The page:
The managing director is the registered manager. A registered manager is a person who is registered with the Care Quality Commission to manage the service. Like registered providers, they are ‘registered persons’. Registered persons have legal responsibility for meeting the requirements in the Health and Social Care Act 2008 and associated Regulations about how the service is run.

Our key findings were:

  • The service had demonstrated improvements in relation to calibration of clinical equipment, business continuity planning and fire safety risk assessment.
  • Infection control audits had been carried out and a spill kit was available.
  • We found some staff had not received training relevant to their role. However, we saw training sessions had been booked in the near future.
  • We found most administrative staff had not received a formal appraisal within the last 12 months. The service informed us they had planned dates to complete appraisals in the near future.
  • The service had not taken steps in a timely manner to ensure all necessary recruitment checks were in place and records kept in staff files including evidence of satisfactory conduct in previous employment in the form of references and health checks.

We identified regulations that were not being met and the provider must:

  • Establish effective systems and processes to ensure good governance in accordance with the fundamental standards of care.

You can see full details of the regulations not being met at the end of this report.

Dr Rosie Benneyworth BM BS BMedSci MRCGP

Chief Inspector of Primary Medical Services and Integrated Care

Inspection carried out on 3 May 2018

During a routine inspection

We carried out an announced comprehensive inspection on 3 May 2018 to ask the service the following key questions; Are services safe, effective, caring, responsive and well-led?

Our findings were:

Are services safe?

We found that this service was not providing safe care in accordance with the relevant regulations.

Are services effective?

We found that this service was providing effective care in accordance with the relevant regulations.

Are services caring?

We found that this service was providing caring services in accordance with the relevant regulations.

Are services responsive?

We found that this service was providing responsive care in accordance with the relevant regulations.

Are services well-led?

We found that this service was providing well-led care in accordance with the relevant regulations.

We carried out this inspection under Section 60 of the Health and Social Care Act 2008 as part of our regulatory functions. This inspection was planned to check whether the service was meeting the legal requirements and regulations associated with the Health and Social Care Act 2008.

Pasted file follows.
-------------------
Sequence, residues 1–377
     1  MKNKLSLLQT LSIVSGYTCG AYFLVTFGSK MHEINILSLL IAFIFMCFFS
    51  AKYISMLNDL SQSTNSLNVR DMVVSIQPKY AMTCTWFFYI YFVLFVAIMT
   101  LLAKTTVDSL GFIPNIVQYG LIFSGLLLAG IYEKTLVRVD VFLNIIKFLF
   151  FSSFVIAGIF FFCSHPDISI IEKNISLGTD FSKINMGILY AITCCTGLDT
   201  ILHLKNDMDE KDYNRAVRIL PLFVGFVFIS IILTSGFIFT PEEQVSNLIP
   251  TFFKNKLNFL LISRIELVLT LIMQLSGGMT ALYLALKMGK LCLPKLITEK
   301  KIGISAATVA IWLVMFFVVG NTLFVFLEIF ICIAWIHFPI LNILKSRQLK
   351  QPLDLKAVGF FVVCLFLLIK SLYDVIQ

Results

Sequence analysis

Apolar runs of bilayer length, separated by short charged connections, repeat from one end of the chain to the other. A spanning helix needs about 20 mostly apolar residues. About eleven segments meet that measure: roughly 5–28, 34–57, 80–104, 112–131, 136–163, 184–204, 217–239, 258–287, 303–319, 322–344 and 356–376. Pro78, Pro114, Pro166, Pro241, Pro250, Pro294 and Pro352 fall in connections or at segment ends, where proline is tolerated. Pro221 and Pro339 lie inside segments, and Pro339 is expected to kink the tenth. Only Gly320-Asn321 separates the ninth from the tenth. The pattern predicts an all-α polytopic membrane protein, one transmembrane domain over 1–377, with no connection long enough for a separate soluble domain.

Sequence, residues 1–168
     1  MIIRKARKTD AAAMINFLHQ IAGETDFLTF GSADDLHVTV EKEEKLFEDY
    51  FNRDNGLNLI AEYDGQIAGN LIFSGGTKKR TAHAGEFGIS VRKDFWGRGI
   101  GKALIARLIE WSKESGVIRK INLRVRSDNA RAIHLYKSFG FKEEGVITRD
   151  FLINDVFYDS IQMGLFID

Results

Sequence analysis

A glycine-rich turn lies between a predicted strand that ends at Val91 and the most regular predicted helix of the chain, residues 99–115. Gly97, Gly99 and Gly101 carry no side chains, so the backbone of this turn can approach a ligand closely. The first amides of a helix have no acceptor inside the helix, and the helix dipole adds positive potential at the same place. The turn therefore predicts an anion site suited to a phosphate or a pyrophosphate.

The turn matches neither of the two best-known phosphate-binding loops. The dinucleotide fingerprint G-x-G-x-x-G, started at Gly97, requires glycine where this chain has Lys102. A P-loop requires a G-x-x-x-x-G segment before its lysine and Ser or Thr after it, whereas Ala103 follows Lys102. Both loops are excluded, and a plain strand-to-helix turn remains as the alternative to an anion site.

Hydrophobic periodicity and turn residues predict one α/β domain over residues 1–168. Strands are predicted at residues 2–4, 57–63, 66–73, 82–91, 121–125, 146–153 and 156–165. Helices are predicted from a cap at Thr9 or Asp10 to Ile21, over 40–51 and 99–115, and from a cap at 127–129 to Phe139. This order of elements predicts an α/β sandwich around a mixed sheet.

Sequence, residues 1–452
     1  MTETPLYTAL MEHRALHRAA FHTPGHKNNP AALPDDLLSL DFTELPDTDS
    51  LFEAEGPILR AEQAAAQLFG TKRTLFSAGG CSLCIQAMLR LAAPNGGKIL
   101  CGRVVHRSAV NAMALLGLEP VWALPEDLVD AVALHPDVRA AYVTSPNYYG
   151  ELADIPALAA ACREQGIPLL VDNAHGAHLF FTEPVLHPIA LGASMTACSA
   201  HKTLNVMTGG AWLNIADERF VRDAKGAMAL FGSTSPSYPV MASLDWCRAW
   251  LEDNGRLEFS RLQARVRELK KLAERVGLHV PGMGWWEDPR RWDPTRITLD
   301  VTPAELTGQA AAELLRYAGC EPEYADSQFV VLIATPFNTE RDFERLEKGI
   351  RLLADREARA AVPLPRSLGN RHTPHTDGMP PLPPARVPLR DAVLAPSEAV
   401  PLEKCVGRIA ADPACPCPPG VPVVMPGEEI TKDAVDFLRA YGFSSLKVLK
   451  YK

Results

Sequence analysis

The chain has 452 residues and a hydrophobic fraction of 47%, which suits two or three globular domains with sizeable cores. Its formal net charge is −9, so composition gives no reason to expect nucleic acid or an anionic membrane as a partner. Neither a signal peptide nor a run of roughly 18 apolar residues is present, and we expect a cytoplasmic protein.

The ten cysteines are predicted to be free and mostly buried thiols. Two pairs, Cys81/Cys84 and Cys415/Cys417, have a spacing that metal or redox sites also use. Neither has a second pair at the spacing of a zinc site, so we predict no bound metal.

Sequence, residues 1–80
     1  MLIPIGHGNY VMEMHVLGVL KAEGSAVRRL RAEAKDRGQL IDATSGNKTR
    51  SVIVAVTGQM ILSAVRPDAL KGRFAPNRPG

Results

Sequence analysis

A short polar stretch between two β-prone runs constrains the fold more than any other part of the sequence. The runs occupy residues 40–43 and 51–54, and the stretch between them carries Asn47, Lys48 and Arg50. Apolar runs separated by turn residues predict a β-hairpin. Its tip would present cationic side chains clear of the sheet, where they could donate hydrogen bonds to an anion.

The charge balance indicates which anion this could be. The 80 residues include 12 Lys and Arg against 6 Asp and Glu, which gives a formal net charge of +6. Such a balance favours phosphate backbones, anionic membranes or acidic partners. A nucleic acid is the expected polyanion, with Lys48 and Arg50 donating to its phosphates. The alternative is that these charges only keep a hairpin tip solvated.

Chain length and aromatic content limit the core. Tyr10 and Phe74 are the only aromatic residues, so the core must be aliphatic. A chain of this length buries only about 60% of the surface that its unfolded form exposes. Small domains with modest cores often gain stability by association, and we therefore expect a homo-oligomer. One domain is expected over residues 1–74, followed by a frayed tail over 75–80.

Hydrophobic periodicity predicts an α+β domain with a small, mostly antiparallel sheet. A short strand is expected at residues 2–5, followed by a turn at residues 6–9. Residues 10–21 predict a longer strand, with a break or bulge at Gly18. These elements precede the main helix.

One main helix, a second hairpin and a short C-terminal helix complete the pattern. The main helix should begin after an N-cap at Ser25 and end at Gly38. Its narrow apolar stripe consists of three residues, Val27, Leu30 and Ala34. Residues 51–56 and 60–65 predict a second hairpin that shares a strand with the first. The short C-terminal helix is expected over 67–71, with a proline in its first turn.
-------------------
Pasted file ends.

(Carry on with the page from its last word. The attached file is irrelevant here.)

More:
Isokinetic Medical Group is an independent clinic in the central London, which provides a sports and exercise medicine related healthcare service. The service offers services for adults and children.

This service is registered with CQC under the Health and Social Care Act 2008 in respect of some, but not all, of the services it provides. Therefore we were only able to inspect the services provided by the doctors which included screening, assessment, diagnosis, follow-ups and referrals but not the osteopathy, physiotherapy, hydrotherapy and on-field rehabilitation services.

The managing director is the registered manager. A registered manager is a person who is registered with the Care Quality Commission to manage the service. Like registered providers, they are ‘registered persons’. Registered persons have legal responsibility for meeting the requirements in the Health and Social Care Act 2008 and associated Regulations about how the service is run.

Twenty patients provided feedback about the service. Patients said they were satisfied with the excellent standard of person-centred care received and said the staff was approachable, committed and caring.

Our key findings were:

  • Staff understood and fulfilled their responsibilities to raise concerns, and to report incidents and near misses. There was a system in place for acting on significant events.
  • There were arrangements in place to protect children and vulnerable adults from abuse.
  • Most risks were generally well managed though improvements were needed in relation to calibration of clinical equipment, business continuity planning and fire safety risk assessment.
  • Safety systems and processes were in place although no infection control audits had been carried out.
  • The service was unable to provide documentary evidence to demonstrate that all staff had received training relevant to their role.
  • The service routinely reviewed the effectiveness and appropriateness of the care it provided. It ensured that care and treatment was delivered according to evidence-based guidelines.
  • Consent procedures were in place and these were in line with legal requirements.
  • Systems were in place to protect personal information about patients.
  • Appointments were available on a pre-bookable basis. The service provided only face to face consultations.
  • Information about services and how to complain was available.
  • The provider was aware of and complied with the requirements of the Duty of Candour.
  • There was a clear leadership structure and staff felt supported by management. The service proactively sought feedback from staff and patients, which it acted on.
  • There was a clear vision and strategy and staff spoke of an open and supportive culture.

We identified regulations that were not being met and the provider must:

  • Ensure care and treatment is provided in a safe way to patients.

You can see full details of the regulations not being met at the end of this report.

There were areas where the provider could make improvements and should:

  • Ensure all necessary recruitment checks are in place and records kept in staff files including evidence of satisfactory conduct in previous employment in the form of references and health checks.
  • Review the fire safety risk assessment.
  • Ensure persons employed in the provision of the regulated activity receive the appropriate training and appraisal necessary to enable them to carry out the duties.
  • Review systems to verify a patient’s identity on registering with the service.